Katy Perry performed ‘Firework’ as Washington DC was lit up with real fireworks © Biden Inaugural Committee via Getty Images

Four years ago, the chair of Donald Trump’s inauguration committee promised an evening of “typically and traditionally American” entertainment at the “Make America Great Again! Welcome Celebration” concert marking the arrival of the 45th US president. The bottom of the American barrel was duly scraped for a motley selection of performers. Gravitas skipped town as country veteran Toby Keith sang “Beer for My Horses”.

The feeble star wattage of 2017 was comprehensively outshone by the accession of the 46th president. Joe Biden’s inauguration ceremony featured Lady Gaga belting out the national anthem and Jennifer Lopez singing a medley of “This Land Is Your Land” and “America the Beautiful”. Another A-lister, Garth Brooks, performed “Amazing Grace”. The showbiz adage “sock it to ’em” — especially honoured by Gaga in her spirited turn — carried an unfortunate resonance for Trump, whose pride was bruised by Biden’s superior line-up of celebrities, according to the Washington Post. 

More big names came out for the evening concert, “Celebrating America”. Broadcast live on television and the internet, it opened with a shot of the US Capitol building, stormed by Trump supporters only two weeks previously. Then came a close-up of Bruce Springsteen standing with a guitar on the steps of the Lincoln Memorial. “I want to offer this small prayer for our country,” he said. Behind him, Abraham Lincoln sat in his big chair, hands gripping its arm rests. The statue of 16th US president mimicked the posture of the audience watching at home. This was a Covid-era inaugural event, without anyone present to clap and cheer.

Bruce Springsteen on the steps of the Lincoln Memorial © Biden Inaugural Committee via Getty

The absence of jubilant supporters left a telling silence. What is there to cheer about in a nation ravaged by death and political unrest? Springsteen’s response, playing his song “Land of Hope and Dreams”, was a well-judged mix of solemnity and optimism. The lonely jangle of his acoustic guitar against the backdrop of the Washington Monument gave the music a fragile quality. Yet his brawny vocal filled the empty space assertively, insisting on the supposed truth of the US as a place where “dreams will not be thwarted” and “faith will be rewarded”. Lincoln stared down behind him, as though brooding over the endurability of the rhetoric.

There was a lot more of it to come. Presenter Tom Hanks, showing an imperfect grasp of both grammar and political actuality, spoke of “the hopes and dreams we all share for a more perfect union”. Country singers Tyler Hubbard and Tim McGraw sang “a message of unity and faith” called “Undivided” against a Nashville backdrop, capital city of a red state where a good portion of voters do not believe that Biden actually won the election.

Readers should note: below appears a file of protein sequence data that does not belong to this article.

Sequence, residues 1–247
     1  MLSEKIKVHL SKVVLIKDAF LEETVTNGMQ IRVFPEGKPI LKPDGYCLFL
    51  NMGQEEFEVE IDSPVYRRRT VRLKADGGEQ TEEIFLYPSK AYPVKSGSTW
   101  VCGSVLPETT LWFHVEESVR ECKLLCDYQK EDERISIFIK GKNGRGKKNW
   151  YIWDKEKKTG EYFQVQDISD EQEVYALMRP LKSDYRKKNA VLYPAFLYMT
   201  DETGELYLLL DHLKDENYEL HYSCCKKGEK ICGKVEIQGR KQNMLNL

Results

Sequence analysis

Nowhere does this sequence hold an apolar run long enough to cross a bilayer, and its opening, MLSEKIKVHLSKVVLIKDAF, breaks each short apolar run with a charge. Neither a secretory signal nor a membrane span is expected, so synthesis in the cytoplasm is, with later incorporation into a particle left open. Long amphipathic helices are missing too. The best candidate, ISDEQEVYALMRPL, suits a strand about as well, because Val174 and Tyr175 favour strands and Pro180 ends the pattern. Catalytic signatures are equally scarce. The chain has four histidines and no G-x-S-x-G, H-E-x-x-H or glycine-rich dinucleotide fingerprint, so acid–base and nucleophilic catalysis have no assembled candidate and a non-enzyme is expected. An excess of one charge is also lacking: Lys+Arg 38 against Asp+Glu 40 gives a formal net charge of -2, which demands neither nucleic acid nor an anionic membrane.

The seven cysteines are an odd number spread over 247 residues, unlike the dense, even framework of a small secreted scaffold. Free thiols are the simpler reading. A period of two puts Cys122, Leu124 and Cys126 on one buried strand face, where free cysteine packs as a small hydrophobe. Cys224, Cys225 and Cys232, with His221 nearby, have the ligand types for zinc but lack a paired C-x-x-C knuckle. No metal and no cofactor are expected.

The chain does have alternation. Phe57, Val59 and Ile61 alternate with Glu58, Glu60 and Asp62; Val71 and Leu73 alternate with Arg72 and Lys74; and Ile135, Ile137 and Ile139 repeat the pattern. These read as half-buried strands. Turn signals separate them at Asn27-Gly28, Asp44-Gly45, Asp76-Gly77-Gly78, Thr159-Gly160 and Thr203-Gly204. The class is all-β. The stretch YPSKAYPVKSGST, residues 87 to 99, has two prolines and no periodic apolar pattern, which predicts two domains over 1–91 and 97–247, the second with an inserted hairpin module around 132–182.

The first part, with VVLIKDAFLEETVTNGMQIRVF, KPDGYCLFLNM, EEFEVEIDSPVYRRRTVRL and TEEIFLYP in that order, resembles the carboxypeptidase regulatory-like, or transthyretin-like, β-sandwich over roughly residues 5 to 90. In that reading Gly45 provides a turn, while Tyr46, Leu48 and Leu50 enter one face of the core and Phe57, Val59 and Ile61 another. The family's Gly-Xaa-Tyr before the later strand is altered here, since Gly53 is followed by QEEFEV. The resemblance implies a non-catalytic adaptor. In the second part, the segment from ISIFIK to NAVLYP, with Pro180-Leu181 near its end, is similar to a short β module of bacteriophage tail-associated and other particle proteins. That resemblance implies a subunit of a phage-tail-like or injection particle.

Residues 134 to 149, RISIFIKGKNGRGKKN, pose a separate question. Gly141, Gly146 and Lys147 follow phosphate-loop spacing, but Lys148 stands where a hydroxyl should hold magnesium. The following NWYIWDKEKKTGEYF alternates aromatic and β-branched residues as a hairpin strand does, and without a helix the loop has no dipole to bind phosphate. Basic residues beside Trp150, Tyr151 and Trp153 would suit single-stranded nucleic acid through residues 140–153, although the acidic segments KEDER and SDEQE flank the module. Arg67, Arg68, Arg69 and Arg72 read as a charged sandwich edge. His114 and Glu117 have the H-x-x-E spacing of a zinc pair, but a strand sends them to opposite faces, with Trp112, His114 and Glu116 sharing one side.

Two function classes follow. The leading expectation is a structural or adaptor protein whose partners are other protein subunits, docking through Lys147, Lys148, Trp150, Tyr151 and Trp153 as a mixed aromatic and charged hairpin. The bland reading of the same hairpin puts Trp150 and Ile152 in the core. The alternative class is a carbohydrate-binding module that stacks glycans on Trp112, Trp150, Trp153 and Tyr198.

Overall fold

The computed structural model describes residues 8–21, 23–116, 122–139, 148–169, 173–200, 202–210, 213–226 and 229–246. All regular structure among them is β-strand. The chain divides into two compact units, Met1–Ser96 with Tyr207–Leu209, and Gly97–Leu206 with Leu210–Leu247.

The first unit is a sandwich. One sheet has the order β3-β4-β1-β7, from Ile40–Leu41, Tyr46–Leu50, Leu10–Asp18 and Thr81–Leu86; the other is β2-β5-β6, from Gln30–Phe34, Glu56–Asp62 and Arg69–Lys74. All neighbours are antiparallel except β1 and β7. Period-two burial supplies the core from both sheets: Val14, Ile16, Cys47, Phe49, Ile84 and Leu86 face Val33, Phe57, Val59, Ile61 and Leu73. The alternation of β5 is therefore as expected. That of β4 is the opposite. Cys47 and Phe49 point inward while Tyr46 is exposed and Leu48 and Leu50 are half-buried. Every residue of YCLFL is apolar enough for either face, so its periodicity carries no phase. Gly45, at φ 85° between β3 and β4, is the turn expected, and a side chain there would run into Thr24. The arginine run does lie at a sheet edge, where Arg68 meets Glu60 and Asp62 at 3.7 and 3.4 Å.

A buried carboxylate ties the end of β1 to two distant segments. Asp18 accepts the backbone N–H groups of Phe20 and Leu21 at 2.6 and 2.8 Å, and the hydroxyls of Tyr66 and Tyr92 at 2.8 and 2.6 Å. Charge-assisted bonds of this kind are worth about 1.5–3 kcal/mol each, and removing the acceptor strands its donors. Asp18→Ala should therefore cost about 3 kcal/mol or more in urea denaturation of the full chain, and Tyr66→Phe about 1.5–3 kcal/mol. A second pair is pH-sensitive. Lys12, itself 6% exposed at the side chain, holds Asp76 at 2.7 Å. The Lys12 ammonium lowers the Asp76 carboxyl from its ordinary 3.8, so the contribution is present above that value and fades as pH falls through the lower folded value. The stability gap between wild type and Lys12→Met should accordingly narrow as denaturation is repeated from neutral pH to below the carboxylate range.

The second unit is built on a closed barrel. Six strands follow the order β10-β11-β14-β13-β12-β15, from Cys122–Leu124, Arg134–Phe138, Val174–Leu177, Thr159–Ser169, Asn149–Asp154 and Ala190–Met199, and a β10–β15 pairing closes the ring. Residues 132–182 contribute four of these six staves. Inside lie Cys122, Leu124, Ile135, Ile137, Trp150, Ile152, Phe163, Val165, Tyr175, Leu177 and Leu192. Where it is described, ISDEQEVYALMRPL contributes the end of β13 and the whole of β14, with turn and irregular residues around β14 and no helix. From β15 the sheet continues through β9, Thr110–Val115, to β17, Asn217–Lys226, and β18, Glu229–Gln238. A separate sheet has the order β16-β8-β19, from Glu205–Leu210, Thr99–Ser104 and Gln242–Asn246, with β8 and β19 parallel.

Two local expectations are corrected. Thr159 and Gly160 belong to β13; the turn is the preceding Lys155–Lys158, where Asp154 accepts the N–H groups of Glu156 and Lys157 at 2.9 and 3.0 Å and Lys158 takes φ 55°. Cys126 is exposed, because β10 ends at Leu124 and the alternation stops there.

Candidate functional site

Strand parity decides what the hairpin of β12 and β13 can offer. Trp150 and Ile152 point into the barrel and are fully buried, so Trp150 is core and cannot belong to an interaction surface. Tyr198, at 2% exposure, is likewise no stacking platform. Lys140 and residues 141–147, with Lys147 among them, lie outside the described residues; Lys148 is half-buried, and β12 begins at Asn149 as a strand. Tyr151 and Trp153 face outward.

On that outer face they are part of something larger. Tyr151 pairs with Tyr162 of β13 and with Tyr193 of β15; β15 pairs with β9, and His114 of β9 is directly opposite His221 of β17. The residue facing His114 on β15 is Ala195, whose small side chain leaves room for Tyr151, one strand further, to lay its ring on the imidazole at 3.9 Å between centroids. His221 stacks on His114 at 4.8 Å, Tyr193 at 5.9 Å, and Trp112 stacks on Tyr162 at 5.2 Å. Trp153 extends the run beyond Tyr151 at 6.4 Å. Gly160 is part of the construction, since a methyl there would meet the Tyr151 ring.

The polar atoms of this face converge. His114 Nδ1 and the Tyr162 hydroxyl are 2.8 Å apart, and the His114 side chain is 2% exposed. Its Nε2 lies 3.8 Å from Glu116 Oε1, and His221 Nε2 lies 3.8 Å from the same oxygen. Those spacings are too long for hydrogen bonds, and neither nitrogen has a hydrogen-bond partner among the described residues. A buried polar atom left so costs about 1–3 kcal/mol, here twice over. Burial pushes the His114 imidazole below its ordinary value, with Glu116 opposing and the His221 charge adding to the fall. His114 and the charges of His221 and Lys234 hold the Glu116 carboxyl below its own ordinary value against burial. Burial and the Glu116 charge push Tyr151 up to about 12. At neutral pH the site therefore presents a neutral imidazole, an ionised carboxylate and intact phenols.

John Legend sang a celebratory ‘Feeling Good’ © Biden Inaugural Committee via Getty

Sunshine and dawn were recurrent images. Jon Bon Jovi appeared in pre-recorded film on a Miami pier at sunrise singing a rootsy version of The Beatles’ “Here Comes the Sun”. His voice, pitched higher than usual, inadvertently made the sentiments sound forced. Demi Lovato was filmed singing Bill Withers’ “Lovely Day” in a Los Angeles skyscraper as the sun came up; her warm vocal gave the sentiments substance. 

Rappers were conspicuously absent; perhaps the Biden/Harris inauguration committee was sore at the support that Trump puzzlingly received from the likes of Lil Wayne and Ice Cube. Younger acts were also under-represented. Katy Perry provided a knockout finale with “Firework”, launching herself into the vocal stratosphere as Washington DC was lit up with real fireworks. But the song itself was a hit back in 2010, when Biden had just started out as vice-president. The most up-to-date number came from Luis Fonsi, filmed at home grooving in an armchair like an animated version of the Lincoln statue as he sang 2017’s “Despacito”. 

Two performances stood out. Foo Fighters dedicated “Times Like These” to teachers and gave the song a raw, clattering emotional energy. Meanwhile, John Legend sang Nina Simone’s “Feeling Good” at a grand piano by the Lincoln Memorial with an unseen big-band accompaniment. Here, amid the gushy rhetoric and sombre coronavirus tributes, was a moment of genuine celebration, sung with relish by Legend. He gave voice to a feeling suppressed elsewhere in “Celebrating America”: jubilation at the ending of the Trump era.

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